Joseph Smith and Legal Process: In the Wake of the Steamboat Nauvoo

Joseph Smith and Legal Process: In the Wake of the Steamboat Nauvoo
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Joseph Smith and Legal Process: In the Wake of the Steamboat Nauvoo

Author Dallin H. Oaks Author Joseph I. Bentley

In the spring of 1837, Lt. Robert E. Lee, at this time a thirty-year-old veteran of eight years in the United States Army Corps of Engineers, was ordered west to save the harbor of St. Louis from impinging snags and sandbars and to improve navigation to the upper Mississippi by attacking the Des Moines rapids. These rapids masked an eleven-mile outcropping of limestone extending from Warsaw on the south to Commerce (later Nauvoo) on the north. When Lee was compelled to conclude his river operations, he sold the equipment used, including a steamboat.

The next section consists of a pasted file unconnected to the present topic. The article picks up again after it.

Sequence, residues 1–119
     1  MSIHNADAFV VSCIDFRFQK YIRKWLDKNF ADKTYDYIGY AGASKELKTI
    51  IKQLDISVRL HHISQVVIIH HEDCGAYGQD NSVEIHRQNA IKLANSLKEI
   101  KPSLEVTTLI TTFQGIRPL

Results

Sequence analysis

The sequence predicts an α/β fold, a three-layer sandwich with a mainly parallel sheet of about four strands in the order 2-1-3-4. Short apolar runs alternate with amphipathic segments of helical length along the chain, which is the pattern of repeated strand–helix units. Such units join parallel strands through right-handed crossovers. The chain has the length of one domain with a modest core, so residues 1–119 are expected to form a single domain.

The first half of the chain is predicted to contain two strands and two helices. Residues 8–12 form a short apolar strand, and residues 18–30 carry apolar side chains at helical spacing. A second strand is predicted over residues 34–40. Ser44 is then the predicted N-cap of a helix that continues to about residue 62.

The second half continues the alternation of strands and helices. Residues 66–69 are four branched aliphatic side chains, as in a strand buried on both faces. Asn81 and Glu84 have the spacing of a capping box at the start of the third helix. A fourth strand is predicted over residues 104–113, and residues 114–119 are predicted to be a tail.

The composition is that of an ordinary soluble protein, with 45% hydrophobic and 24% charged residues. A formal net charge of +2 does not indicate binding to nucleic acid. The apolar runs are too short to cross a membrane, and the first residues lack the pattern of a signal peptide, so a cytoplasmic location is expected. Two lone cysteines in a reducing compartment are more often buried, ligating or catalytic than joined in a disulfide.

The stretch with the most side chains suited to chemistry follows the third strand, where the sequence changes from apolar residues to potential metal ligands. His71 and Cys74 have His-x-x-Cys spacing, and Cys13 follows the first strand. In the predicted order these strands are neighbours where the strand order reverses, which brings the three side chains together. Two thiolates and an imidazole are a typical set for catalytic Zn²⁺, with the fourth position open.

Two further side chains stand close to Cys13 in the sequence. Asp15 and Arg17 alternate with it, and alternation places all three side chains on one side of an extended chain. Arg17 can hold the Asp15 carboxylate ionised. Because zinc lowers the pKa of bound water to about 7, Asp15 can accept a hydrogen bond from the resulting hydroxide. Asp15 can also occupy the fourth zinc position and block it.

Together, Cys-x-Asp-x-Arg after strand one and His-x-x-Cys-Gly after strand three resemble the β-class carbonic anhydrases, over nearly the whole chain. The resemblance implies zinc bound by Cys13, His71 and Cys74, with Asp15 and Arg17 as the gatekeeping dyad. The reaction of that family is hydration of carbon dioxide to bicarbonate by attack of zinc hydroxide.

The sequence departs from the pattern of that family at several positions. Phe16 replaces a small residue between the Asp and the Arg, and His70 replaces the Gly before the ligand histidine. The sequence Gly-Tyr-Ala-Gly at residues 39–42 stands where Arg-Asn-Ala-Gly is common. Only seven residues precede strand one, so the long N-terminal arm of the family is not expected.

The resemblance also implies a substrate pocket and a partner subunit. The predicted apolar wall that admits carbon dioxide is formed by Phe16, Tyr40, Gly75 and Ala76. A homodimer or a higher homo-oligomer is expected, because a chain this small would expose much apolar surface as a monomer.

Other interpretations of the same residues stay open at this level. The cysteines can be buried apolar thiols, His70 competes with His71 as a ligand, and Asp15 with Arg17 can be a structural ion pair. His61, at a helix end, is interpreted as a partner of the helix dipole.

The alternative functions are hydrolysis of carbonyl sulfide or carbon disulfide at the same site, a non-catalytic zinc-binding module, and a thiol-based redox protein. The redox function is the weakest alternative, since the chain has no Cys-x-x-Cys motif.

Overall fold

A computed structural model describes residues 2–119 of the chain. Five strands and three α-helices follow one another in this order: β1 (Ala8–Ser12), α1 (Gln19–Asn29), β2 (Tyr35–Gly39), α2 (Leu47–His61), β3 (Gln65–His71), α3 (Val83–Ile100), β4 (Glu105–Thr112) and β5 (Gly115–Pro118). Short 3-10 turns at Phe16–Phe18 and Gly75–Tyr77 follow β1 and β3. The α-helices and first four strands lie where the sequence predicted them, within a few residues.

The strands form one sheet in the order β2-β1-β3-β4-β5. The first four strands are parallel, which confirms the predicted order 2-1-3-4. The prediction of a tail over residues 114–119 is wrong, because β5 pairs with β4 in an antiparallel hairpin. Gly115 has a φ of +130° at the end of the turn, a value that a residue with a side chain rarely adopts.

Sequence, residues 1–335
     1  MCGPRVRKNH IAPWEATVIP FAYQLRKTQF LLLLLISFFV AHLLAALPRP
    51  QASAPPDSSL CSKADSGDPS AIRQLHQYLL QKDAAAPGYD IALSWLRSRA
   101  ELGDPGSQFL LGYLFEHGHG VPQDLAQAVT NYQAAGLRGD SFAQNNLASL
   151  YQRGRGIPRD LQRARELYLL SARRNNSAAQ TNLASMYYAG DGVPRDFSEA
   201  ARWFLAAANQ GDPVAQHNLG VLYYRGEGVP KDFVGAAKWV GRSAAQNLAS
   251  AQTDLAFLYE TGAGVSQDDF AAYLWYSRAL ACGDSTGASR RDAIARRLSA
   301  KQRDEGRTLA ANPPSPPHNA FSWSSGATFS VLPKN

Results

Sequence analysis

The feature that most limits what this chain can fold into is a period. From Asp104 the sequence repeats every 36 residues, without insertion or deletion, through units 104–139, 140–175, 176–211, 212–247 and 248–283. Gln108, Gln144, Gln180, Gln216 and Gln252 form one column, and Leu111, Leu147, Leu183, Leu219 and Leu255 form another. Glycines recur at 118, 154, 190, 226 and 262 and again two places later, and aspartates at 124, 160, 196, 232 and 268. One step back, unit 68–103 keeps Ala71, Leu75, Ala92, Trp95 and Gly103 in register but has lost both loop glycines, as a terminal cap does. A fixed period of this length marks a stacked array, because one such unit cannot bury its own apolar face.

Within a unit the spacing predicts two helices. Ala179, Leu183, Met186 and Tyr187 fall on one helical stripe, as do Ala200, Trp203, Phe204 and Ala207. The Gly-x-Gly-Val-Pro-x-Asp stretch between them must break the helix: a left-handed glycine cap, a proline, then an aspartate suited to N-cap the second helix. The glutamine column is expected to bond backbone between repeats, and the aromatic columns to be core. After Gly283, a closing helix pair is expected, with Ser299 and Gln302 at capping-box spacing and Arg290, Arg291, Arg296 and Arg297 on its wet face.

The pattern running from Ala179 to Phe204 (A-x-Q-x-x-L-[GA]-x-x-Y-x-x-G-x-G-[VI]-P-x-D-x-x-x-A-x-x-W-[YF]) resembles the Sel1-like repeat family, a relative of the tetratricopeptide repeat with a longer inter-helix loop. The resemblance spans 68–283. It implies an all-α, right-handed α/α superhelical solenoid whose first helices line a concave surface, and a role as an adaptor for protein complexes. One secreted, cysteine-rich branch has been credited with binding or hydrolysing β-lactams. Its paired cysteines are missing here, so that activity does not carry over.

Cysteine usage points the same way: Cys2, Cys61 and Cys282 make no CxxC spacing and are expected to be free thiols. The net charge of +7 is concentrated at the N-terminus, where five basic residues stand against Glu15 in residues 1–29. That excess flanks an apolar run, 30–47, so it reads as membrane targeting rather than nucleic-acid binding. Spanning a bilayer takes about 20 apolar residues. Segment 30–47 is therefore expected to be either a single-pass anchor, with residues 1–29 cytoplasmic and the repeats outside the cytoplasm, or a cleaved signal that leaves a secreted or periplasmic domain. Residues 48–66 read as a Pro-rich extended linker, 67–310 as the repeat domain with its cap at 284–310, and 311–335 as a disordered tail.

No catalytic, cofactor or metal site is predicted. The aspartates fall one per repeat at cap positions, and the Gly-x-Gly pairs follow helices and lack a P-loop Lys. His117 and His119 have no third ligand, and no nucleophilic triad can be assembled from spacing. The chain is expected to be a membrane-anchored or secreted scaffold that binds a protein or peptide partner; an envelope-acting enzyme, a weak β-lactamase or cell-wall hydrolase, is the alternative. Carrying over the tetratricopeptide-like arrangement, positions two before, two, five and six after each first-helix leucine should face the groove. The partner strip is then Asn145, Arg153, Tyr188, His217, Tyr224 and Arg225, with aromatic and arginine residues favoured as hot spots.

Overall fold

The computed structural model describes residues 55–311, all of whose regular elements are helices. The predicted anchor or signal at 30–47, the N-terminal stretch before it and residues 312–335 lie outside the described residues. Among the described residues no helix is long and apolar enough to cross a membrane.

The anticipated influx of new population for Nauvoo and the surrounding area created important commercial opportunities for river traffic. Thus, it is not surprising that prominent Mormon entrepreneurs were interested in acquiring the steamboat and keelboats that Robert E. Lee put on sale in Quincy the following month.

This article follows the events connected with the sale of the steamboat Nauvoo.